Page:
Neutering before adoption is good for the animals, good for shelters and rescue groups, good for caretakers, and good for the community. Placing intact cats and dogs in homes with a neutering deposit is counterproductive because it leads to more puppies and kittens being born, more animals being abandoned or relinquished to a shelter, longer shelter stays for surrendered or stray animals, and more animals dying or being euthanized in a shelter.
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Neutering before adoption is good for the animals because neutered cats and dogs are more likely to be adopted than intact ones,[i] intact cats and dogs are more likely to be relinquished to a shelter,[ii] and are more likely to stray from their home.[iii]
Neutering before adoption is good for the shelter or rescue group because neutered cats and dogs are more likely to be adopted, less likely to stray from their home or be relinquished to a shelter, and less likely to be euthanized in a shelter.
Neutering before adoption is good for caretakers because neutered cats and dogs are less likely to have behavior problems that lead a caretaker to relinquish the animal to a shelter, less likely to stray from home, and neutered dogs are less likely to bite people.[iv]
Neutering before adoption is good for the community because it leads to fewer animals being abandoned, fewer straying from home, and fewer being relinquished to a shelter. It also reduces injuries from dog bites.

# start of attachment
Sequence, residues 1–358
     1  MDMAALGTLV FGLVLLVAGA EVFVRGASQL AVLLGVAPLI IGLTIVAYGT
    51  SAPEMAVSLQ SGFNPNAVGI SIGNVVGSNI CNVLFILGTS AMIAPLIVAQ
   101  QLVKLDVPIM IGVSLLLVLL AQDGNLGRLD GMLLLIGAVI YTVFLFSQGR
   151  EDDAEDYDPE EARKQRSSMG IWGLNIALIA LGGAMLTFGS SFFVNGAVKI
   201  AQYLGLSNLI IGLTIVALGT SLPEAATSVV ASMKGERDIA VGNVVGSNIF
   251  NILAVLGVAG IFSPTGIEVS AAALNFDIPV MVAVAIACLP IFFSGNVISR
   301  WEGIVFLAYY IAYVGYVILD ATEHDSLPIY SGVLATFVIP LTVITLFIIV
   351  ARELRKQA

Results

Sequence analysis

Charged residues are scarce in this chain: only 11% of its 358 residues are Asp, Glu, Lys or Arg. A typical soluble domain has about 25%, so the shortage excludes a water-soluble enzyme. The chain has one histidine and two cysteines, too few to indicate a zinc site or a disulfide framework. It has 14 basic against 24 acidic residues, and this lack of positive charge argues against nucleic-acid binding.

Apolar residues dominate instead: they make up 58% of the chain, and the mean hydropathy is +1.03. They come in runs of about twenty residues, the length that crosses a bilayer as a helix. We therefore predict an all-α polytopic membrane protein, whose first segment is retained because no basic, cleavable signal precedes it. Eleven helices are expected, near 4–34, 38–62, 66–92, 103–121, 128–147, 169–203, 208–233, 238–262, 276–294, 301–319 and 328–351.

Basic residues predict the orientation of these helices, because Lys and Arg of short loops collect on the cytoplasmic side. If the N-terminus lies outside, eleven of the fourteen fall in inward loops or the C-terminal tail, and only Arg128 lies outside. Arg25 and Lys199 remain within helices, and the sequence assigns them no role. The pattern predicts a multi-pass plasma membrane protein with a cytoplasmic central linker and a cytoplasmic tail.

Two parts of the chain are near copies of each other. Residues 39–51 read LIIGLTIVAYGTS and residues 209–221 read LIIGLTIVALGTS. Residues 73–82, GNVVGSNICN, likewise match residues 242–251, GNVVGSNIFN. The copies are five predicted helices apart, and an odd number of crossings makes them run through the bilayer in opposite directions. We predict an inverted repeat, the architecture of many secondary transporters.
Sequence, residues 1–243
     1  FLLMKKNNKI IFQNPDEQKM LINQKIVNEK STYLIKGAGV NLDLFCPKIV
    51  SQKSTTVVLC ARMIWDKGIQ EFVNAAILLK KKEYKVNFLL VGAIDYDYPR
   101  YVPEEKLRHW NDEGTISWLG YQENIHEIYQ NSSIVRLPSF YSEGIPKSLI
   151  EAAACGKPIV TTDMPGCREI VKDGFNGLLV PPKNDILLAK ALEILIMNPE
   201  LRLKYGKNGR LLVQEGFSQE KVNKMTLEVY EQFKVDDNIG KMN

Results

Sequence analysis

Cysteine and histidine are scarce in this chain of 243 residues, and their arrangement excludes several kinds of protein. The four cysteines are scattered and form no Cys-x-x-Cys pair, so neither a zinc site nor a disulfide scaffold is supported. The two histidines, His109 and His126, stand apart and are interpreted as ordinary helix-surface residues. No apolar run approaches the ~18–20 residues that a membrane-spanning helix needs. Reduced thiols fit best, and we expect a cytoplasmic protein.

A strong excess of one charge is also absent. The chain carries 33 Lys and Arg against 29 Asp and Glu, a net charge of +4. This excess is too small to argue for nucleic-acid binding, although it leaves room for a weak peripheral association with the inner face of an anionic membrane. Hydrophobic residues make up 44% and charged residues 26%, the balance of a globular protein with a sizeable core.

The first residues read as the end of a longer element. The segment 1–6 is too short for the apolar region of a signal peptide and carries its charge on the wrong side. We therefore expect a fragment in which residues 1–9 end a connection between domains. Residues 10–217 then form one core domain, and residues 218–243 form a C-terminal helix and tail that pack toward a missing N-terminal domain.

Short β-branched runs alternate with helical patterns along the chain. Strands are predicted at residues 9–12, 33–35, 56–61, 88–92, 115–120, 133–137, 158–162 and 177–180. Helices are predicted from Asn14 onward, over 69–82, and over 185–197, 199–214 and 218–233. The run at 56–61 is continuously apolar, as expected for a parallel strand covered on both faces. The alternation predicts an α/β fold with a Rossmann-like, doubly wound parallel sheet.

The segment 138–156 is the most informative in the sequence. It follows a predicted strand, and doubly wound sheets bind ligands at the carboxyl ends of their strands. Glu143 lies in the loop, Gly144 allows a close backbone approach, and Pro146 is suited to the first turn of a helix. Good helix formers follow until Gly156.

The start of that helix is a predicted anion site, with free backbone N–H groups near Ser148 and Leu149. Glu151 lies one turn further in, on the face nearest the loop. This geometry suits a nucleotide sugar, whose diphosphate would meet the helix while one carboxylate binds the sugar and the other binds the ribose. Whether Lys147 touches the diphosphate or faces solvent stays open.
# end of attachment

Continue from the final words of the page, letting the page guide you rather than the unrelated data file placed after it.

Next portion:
A high percentage of people who adopt an intact dog or cat from a shelter or rescue group with a neutering deposit fail to have the animal sterilized[v] leading to more cats and dogs entering shelters, staying there longer, and dying there.
[i] Merry Lepper, Philip H. Kass, and Lynette A. Hart, “Prediction of Adoption Versus Euthanasia Among Dogs and Cats in a California Animal Shelter,” Journal of Applied Animal Welfare Science 5 (1) (2002), 36; Jaime Clevenger and Philip H. Kass, “Determinants of Adoption and Euthanasia of Shelter Dogs Spayed or Neutered in the University of California Veterinary Student Surgery Program Compared to Other Shelter Dogs, “ Journal of Veterinary Medical Education 30 (4) (2003), 376.
[ii] Gary J. Patronek et al., “Risk factors for relinquishment of cats to an animal shelter,” Journal of the American Veterinary Medical Association 209 (3) (1996), 586; Gary J. Patronek et al., “Risk factors for the relinquishment of dogs to an animal shelter,” Journal of the American Veterinary Medical association 209 (3), (1996), 578; John C. New, Jr. et al., “Characteristics of Shelter-Relinquished Animals and Their Owners Compared With Animals and Their Owners in U. S. Pet-Owning Households,” Journal of Applied Animal Welfare Science 3 (3) (2000), 185.
[iii] Jacqueline C. Neilson, Robert. A. Eckstein, and B. L. Hart, “Effects of castration on problem behaviors in male dogs with reference to age and duration of behavior,” Journal of the American Veterinary Medical Association 211 (2) (1997), 181; See Jennifer. L. Wallace and Julie. K. Levy, “Population characteristics of feral cats admitted to seven trap-neuter-return programs in the United States,” Journal of Feline Medicine and Surgery 8 (4) (2006) 279.
[iv] Gary J. Patronek et al., “Co-occurrence of potentially preventable factors in 256 dog-bite related fatalities in the United States (2000-2009),” Journal of the American Veterinary Medical Association 243 (12) (2013),1730; Carrie M. Shuler et al., “Canine and human factors related to dog bite injuries,” Journal of the American Veterinary Medical Association 232 (4) (2008), 544.
[v] S. A. Alexander and S. M. Shane, “Characteristics of animals adopted from an animal control center whose owners complied with a spaying/neutering deposit program,” Journal of the American Veterinary Medical Association 205 (3) (1994), 472-476.